The EB Writing Program

Our writing curriculum transforms students into critical and analytical writers

as they master the writing standards and increase their learning outcomes.


We’re on a mission to make the biggest impact possible on the way middle school teachers teach writing. We hope you’ll join us.

The Results 

5,600 teachers (and counting) have seen the impact of The EB Writing Program in their classrooms



 have seen an increase in student confidence while developing their writing styles.



have experienced an increase in knowledge about how to implement writing instruction.



have experienced an increase in confidence in their writing instruction.

The EB Writing Program equips teachers with the resources, tools, support, and confidence to teach writing at a high level - meeting the needs of all learners in their classroom through engaging and rigorous writing assignments, activities, and lessons.

This 4 unit transformational process gives teachers the confidence and direction to transform students’ writing.

Unit 1: Master the Writing Standards - The EBW Approach©

A successful middle school ELA curriculum is rooted in writing about literature.


Unit 2: Nail the State Writing Prompts (without teaching to the test) - Expository Writing

Now that you’ve witnessed how the EBW Approach© can transform your students into exceptional writers who critically analyze literature, it’s time to apply the framework to expository writing. Here you’ll uncover activities and lessons to help students practice applying their newfound skills to different styles of writing.


Unit 3: Conquer the Craft of Persuasion -  Persuasive & Argumentative Writing

In this unit, students will learn to transform their strong opinions into killer persuasive and argumentative pieces. Here, they will learn a framework to help them refine their writing technique, so they can get results when it comes to causes that matter to them. This unit will guide students to effectively use logic, reasoning, and researched facts to craft an argument that will get noticed.


Unit 4: Master the Art of Storytelling - Narrative Writing

Narrative writing should be a fun and creative writing opportunity for students, not a diary of every fantastical or rambling idea that ever crossed their mind. Luckily, this unit will provide you with the structure that students want and need to craft an interesting and meaningful narrative.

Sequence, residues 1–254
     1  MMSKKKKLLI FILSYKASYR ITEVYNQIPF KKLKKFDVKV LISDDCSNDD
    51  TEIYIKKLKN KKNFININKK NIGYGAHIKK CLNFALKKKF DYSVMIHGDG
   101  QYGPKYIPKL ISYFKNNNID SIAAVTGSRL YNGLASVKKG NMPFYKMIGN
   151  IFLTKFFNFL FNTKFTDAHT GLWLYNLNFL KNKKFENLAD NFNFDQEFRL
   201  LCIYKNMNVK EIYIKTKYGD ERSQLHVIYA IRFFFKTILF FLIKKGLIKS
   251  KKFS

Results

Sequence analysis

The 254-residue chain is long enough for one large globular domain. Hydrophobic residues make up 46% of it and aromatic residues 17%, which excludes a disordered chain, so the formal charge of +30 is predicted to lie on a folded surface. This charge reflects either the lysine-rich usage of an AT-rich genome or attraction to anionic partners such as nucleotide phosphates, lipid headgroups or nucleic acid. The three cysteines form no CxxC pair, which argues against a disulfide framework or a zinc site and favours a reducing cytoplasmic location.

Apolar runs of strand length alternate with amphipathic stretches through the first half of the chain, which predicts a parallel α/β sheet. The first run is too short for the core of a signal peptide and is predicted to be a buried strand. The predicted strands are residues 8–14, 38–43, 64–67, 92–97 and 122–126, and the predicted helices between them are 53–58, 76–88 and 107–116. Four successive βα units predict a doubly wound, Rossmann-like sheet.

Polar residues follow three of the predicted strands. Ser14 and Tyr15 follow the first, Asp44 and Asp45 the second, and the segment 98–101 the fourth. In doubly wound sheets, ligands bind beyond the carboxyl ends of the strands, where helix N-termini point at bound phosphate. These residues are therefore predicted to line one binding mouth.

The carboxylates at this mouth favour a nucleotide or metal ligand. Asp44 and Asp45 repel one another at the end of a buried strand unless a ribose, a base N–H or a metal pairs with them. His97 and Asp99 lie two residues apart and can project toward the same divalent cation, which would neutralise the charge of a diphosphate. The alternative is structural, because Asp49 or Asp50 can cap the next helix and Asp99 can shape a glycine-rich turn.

What Teachers Are Saying

Supporting Resources

Meet the learning needs of every student

On-Going Collaboration Where and When It Matters

Teachers recieve constant support within our exclusive EB Community from teachers around the world.

Our Co-Founders and Team EB pop in to coach teachers along the way—teachers can jot down questions in our community, and our team provides on-demand curriculum support.

10 Evidenced-Based Resources

Gain immediate access to a set of engaging and rigorous Evidence Based Writing Resources to reinforce the EBW Approach© within the classroom. 

Resources include: 
3 Reading Response Choice Boards
3 Sets of Tasks Cards
4 Reading Activities to Use With Any Novel

Extra Support to Make Your Life Easier!

Gain immediate access to extension resources to help you refine the EBW Approach©. From a step-by-step lesson on how to utilize our rubrics (allowing teachers to save time grading) to using the EBW Approach© with informational texts, these bonuses ensure teachers are fully supported with a robust writing program.

Student-Facing Videos for Every Writing Unit

These student-facing videos cover ALL aspects of The EB Writing Program for students. Teachers can simply send them to students and ensure that their writing program is highly effective. Or use them as extra support, so students can go back and re-watch a concept they might struggle with.

I want to support my teachers now!
About Us

Meet the Founders

We’re Caitlin and Jessica, and this all started when we were teaching across the hall from one another at a school in Los Angeles. 

One summer, we launched an ELA camp to help students get ahead for the summer, using the frameworks we’d developed for our own classrooms. It was a runaway success, and we realized that we wanted to share what we’d discovered with other teachers.

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